And the gap between regular and non-regular workers could be narrowed by relaxing employment protection for regular workers and expanding social insurance enrolment and training for non-regular workers, the paper’s authors proposed.
Having respect for different professions is also key, Kwak stressed. There are vocational high school graduates who choose to pursue a degree because of discrimination, a lack of respect for people in jobs such as plumbing and cleaning as well as limited opportunities for career advancement, she said.
“Some parents walk past the cleaners and tell their children that if (they) don’t study hard, (they’re) going to be like that,” she said. “Nobody should be treated in that way.”
Youths can drive change by making their voices heard in the political arena, said Ko and Eun. They pointed out that the country’s legislative body, the National Assembly, is mostly made up of people above the age of 50.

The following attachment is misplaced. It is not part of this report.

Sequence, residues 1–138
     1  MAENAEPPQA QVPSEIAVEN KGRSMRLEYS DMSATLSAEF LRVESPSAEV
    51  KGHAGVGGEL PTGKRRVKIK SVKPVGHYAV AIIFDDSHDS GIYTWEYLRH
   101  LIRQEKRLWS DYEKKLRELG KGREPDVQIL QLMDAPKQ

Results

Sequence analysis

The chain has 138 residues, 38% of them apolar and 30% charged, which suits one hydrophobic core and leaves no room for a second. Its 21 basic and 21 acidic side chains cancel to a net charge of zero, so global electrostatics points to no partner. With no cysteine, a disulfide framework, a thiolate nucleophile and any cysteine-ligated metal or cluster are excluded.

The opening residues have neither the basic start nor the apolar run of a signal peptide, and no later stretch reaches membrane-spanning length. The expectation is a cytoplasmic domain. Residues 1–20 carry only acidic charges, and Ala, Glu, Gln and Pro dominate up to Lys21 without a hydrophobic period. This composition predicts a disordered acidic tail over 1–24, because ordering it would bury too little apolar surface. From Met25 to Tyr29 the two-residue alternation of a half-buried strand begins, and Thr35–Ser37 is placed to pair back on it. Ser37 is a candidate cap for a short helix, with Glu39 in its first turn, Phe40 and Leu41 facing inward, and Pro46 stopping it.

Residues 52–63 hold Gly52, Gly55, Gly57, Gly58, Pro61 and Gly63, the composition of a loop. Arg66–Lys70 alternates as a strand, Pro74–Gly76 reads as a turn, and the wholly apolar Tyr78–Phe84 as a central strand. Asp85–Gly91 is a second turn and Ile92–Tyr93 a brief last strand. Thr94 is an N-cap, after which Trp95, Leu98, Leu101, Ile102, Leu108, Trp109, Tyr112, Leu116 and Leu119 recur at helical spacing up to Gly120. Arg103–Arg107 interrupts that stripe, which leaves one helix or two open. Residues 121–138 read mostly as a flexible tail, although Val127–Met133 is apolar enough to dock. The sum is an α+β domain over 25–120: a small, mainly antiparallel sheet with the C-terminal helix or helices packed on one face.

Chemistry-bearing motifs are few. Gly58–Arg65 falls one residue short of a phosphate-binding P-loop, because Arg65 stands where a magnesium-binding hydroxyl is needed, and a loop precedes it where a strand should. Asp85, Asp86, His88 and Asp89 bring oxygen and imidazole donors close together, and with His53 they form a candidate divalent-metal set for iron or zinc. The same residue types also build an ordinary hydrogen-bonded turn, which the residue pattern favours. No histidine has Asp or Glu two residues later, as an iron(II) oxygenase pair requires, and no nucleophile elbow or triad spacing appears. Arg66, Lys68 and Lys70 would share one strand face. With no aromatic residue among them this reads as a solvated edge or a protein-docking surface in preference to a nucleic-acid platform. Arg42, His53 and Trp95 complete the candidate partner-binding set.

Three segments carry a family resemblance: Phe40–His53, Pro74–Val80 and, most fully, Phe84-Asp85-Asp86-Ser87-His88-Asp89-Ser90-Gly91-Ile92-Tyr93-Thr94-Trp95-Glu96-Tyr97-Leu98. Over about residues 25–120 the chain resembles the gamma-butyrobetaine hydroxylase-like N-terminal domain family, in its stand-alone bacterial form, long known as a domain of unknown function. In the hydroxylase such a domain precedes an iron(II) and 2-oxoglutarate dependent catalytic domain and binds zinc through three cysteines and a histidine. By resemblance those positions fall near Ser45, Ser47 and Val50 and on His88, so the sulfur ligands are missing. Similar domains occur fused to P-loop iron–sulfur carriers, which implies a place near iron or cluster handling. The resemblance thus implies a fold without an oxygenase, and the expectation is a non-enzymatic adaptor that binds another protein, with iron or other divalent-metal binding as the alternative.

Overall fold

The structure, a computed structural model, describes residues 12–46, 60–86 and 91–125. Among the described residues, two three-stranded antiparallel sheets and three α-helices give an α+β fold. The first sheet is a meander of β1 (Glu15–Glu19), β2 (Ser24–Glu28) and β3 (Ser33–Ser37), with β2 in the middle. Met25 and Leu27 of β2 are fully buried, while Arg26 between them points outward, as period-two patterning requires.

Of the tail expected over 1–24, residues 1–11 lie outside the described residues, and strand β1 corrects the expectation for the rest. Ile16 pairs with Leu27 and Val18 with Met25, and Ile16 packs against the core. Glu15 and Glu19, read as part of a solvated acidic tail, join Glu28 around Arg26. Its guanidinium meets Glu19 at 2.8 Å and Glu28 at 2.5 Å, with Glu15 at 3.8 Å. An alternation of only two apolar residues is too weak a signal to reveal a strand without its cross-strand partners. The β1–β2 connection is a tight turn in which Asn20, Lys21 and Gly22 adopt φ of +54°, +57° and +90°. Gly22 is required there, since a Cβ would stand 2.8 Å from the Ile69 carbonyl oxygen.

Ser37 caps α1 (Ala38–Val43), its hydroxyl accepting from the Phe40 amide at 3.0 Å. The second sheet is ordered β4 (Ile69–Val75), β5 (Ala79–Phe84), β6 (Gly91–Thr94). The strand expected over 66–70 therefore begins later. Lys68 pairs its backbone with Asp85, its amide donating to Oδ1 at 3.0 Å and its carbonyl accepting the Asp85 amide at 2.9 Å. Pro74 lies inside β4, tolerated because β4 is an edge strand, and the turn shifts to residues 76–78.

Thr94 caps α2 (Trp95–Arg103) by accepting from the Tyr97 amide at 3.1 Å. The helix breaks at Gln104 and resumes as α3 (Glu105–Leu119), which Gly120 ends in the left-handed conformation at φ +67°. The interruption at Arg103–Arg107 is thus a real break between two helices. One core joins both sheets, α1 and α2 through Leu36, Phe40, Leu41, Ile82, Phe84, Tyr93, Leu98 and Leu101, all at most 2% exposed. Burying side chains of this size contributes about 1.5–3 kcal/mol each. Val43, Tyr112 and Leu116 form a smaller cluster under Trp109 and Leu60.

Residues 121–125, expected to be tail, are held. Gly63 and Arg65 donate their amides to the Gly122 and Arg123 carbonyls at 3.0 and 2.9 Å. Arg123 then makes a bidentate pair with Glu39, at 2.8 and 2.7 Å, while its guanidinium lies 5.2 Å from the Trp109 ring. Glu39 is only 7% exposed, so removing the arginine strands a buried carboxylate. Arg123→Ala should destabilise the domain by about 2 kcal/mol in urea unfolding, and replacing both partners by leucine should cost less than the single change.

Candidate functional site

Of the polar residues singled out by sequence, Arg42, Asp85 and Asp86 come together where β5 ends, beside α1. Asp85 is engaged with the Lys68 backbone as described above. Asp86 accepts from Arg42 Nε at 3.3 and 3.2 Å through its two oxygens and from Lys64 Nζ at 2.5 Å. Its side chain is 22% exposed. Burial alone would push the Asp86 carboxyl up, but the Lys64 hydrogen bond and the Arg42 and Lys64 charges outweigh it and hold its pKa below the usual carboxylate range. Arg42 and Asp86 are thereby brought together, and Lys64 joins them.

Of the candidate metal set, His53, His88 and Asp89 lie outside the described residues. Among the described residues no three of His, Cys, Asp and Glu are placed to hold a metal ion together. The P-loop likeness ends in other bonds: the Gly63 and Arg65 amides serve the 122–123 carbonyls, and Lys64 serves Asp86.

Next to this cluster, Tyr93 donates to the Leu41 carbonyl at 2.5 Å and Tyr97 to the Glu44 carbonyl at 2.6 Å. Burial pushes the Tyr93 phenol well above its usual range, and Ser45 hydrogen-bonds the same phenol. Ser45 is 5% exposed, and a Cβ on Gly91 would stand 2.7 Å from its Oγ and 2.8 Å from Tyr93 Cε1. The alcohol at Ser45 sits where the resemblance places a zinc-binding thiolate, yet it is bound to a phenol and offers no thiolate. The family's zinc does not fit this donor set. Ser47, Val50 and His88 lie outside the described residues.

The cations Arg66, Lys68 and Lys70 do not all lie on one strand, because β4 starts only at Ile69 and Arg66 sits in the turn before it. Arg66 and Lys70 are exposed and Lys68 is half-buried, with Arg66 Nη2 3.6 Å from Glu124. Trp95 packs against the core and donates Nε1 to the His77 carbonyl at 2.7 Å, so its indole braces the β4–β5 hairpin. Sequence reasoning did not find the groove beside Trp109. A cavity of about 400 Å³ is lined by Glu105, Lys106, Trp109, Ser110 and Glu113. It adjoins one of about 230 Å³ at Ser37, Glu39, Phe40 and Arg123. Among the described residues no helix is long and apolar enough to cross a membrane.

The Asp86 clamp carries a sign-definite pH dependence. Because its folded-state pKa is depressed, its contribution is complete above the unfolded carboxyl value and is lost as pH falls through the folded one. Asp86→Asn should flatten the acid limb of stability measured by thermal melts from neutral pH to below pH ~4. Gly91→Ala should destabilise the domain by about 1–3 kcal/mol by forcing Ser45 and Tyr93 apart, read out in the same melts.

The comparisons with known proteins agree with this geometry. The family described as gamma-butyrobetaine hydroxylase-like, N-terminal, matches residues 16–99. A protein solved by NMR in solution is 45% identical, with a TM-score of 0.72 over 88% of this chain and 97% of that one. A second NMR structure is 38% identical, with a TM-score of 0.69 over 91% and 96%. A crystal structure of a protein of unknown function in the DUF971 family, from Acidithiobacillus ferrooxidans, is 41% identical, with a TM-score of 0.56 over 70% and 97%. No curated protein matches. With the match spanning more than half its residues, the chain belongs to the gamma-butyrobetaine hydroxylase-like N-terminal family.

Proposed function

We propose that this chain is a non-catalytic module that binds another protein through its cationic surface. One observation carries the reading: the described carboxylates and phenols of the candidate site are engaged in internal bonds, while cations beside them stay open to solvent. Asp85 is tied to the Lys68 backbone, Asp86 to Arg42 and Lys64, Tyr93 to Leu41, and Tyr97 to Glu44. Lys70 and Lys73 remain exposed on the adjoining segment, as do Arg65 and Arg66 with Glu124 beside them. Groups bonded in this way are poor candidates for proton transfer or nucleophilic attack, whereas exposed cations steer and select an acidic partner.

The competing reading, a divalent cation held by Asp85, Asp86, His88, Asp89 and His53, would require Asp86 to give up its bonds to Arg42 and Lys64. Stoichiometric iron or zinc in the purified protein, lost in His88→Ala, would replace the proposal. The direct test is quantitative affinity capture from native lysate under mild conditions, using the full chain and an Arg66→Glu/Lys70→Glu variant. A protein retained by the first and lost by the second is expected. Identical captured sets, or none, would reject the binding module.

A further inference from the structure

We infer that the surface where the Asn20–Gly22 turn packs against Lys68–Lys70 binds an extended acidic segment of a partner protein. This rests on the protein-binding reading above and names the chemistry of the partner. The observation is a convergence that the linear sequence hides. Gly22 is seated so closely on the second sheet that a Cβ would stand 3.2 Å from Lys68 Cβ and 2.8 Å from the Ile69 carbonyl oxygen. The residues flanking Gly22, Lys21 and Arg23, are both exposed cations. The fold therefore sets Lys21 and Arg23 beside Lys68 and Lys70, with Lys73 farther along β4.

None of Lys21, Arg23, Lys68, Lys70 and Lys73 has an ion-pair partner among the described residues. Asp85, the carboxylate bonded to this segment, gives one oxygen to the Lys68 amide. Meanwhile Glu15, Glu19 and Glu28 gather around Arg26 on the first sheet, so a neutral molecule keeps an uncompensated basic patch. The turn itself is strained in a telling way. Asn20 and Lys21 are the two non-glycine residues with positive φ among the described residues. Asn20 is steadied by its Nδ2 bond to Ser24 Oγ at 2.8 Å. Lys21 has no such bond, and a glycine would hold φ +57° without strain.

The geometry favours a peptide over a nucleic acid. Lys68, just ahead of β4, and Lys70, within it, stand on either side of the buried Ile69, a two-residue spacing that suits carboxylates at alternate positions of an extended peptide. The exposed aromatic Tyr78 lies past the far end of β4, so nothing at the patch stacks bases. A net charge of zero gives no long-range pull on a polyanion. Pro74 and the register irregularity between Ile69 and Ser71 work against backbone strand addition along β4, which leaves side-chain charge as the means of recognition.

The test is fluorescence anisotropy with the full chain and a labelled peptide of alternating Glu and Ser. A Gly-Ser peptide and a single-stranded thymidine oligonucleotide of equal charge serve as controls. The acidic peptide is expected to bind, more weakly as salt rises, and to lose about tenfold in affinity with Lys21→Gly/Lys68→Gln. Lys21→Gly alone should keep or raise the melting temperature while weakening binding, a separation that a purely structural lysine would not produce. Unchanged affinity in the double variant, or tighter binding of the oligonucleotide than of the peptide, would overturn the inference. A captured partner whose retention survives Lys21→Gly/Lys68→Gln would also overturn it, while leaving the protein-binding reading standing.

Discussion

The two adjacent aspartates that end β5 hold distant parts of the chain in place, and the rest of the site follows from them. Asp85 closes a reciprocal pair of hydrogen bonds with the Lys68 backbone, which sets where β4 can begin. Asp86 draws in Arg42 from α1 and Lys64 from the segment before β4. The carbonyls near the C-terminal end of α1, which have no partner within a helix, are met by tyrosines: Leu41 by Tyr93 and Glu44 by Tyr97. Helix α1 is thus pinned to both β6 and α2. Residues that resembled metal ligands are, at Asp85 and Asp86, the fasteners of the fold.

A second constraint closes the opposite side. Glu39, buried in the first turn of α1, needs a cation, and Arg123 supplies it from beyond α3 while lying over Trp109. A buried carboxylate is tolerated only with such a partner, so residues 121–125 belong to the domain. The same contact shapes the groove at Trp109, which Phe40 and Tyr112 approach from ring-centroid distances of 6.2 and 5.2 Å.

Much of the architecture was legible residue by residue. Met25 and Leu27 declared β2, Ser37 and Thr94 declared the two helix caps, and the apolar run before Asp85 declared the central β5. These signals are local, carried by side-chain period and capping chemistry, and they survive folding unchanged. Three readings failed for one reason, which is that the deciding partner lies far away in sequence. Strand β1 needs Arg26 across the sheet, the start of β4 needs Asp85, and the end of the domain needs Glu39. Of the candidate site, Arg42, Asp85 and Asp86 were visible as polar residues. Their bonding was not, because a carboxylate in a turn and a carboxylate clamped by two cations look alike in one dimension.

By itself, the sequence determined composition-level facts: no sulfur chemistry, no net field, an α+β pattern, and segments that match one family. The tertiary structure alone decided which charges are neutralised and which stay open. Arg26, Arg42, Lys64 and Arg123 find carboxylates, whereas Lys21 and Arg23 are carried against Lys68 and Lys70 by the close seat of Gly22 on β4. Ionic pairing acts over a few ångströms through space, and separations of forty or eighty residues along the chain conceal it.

According to the Inter-Parliamentary Union, which provides data on parliaments round the world, the average age of National Assembly members is 54.9. Less than one in five are women.
With greater sociopolitical participation, “the policies that young people need are created”, Eun said.
MAYBE NOT A FLAT BUT A ‘VILLA’
In the meantime, the youths CNA Insider spoke to are tapping existing government resources and digging deep.
Seoul resident Park Jong-min, 30, wants to create a better future through web programming, after enduring a tough childhood and overcoming a gaming addiction.
His mother left when he was a year old, and he and his father moved when the latter had new partners. His father also had a drinking problem, and Park Jong-min left home at age 16, taking shelter in a temporary youth care centre, then his cousin’s house.
He tried to further his education at a state-funded university, but his addiction to gaming dragged him into debts of 50 million won.